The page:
Every day seems to bring news of multiplying ecological disasters—fires, floods, drought, deforestation, overfishing and coral reef die-offs.
Meanwhile, space flight is becoming increasingly common, and plans are being seriously discussed to colonize space, including the establishment of bases on the moon and on Mars. Could humanity’s future lie beyond the pale blue dot that is Earth, as some tech billionaires, astronomers and scientists have theorized?
To Matt Harvey, who earned his Ph.D. in political science with a focus on environmental political theory from the University of Colorado Boulder in May, the idea of colonizing space isn’t simply ambitious or fanciful—it’s an escapist fantasy, or as he calls it, “a dangerous Promethean endeavor.”
Harvey dedicated a lengthy chapter in his dissertation, which challenges “anthropocentrism”—the idea that humanity is exceptional or central in the universe—on why looking to outer space for humankind’s future is an incredibly bad idea. That chapter was later adapted and published as a paper, titled “The Sublime and the Pale Blue Dot: Reclaiming the Cosmos for Earthly Nature” in the publication Environmental Values.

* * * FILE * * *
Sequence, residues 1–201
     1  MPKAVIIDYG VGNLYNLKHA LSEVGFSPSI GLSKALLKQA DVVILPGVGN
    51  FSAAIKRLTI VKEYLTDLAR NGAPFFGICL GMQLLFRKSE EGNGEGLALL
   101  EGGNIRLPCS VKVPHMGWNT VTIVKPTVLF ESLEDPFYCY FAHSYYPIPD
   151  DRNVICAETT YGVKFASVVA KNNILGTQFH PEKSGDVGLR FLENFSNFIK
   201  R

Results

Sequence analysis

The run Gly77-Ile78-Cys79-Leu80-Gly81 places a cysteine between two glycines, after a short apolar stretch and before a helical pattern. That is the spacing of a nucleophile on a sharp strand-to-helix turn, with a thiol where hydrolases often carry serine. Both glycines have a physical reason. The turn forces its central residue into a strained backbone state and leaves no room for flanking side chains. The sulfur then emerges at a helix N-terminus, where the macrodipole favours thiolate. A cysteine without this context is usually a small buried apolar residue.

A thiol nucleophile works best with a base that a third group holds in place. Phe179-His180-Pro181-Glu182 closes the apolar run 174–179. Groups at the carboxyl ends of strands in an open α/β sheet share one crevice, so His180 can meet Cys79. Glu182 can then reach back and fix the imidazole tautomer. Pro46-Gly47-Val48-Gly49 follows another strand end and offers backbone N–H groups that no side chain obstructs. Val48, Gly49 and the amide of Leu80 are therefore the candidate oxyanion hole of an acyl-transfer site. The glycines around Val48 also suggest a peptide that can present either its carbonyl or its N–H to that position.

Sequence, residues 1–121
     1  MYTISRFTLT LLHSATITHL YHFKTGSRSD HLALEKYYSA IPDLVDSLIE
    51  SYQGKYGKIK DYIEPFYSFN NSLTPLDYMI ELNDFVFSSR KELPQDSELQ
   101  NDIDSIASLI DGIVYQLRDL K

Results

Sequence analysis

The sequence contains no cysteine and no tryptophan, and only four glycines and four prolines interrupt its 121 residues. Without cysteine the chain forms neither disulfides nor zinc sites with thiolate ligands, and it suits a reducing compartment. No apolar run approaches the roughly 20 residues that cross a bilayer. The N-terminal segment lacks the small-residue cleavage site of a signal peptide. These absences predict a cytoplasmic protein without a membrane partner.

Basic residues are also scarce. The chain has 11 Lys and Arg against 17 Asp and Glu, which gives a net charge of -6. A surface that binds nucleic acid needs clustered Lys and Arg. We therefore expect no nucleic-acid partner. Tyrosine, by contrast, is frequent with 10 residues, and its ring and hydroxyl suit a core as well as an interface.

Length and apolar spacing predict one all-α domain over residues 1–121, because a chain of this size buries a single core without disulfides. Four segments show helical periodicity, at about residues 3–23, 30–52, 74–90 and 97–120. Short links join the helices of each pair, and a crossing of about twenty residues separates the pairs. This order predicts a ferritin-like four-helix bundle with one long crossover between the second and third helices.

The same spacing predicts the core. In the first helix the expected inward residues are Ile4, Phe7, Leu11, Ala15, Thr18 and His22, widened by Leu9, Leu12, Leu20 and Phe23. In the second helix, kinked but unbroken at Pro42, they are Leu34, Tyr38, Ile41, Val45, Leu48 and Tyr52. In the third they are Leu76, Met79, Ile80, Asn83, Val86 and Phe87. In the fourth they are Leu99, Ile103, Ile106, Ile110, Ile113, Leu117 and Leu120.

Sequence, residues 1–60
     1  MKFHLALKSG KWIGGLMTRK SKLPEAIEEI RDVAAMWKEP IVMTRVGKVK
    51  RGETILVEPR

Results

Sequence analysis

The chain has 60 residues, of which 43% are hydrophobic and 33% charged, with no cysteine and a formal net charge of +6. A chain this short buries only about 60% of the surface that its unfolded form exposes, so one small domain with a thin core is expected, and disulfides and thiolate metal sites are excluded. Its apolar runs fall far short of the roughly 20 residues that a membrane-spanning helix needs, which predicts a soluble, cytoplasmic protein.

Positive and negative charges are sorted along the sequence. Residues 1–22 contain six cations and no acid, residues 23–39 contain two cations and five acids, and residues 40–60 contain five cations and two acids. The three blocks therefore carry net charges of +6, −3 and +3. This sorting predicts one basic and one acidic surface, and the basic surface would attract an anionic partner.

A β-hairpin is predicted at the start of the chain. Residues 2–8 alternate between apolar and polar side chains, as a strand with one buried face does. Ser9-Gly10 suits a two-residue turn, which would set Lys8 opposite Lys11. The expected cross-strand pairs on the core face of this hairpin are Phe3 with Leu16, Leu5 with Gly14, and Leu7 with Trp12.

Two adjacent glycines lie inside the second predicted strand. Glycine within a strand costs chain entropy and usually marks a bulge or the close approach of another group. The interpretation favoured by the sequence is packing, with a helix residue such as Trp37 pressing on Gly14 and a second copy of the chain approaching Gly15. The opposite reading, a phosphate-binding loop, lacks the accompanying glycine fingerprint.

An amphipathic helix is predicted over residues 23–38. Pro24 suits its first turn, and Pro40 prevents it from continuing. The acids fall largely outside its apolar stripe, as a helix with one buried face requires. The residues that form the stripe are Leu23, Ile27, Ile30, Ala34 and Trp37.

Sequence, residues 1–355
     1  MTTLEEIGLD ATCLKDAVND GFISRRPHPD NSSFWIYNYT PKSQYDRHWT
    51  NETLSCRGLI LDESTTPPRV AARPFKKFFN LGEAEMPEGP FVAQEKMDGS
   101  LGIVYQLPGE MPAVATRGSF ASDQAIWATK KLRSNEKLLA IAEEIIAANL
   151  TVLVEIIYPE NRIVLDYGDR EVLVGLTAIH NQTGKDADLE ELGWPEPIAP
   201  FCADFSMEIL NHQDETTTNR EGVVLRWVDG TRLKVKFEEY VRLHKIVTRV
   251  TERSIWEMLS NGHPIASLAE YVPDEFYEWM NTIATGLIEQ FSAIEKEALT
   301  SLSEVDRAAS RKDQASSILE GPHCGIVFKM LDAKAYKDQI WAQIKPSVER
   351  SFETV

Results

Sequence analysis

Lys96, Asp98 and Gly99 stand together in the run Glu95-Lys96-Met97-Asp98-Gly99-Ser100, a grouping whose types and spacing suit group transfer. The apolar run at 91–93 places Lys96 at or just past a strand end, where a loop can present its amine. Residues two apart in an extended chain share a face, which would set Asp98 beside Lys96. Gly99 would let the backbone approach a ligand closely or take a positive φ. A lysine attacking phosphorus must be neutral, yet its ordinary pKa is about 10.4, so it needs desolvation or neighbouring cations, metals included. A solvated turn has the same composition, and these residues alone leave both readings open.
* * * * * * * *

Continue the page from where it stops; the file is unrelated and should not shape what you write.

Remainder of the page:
In his paper, Harvey details the potential pitfalls of believing that technology and human ingenuity can find humans a new home in the cosmos. For example, he highlights research showing that establishing a self-sustaining colony of 1 million people on Mars would take 100 years at best, “without considering the necessary technological advancements to craft capable vessels and the duration or number of outbound and return journeys.”
Larger-scale attempts to relocate humankind to a home in…
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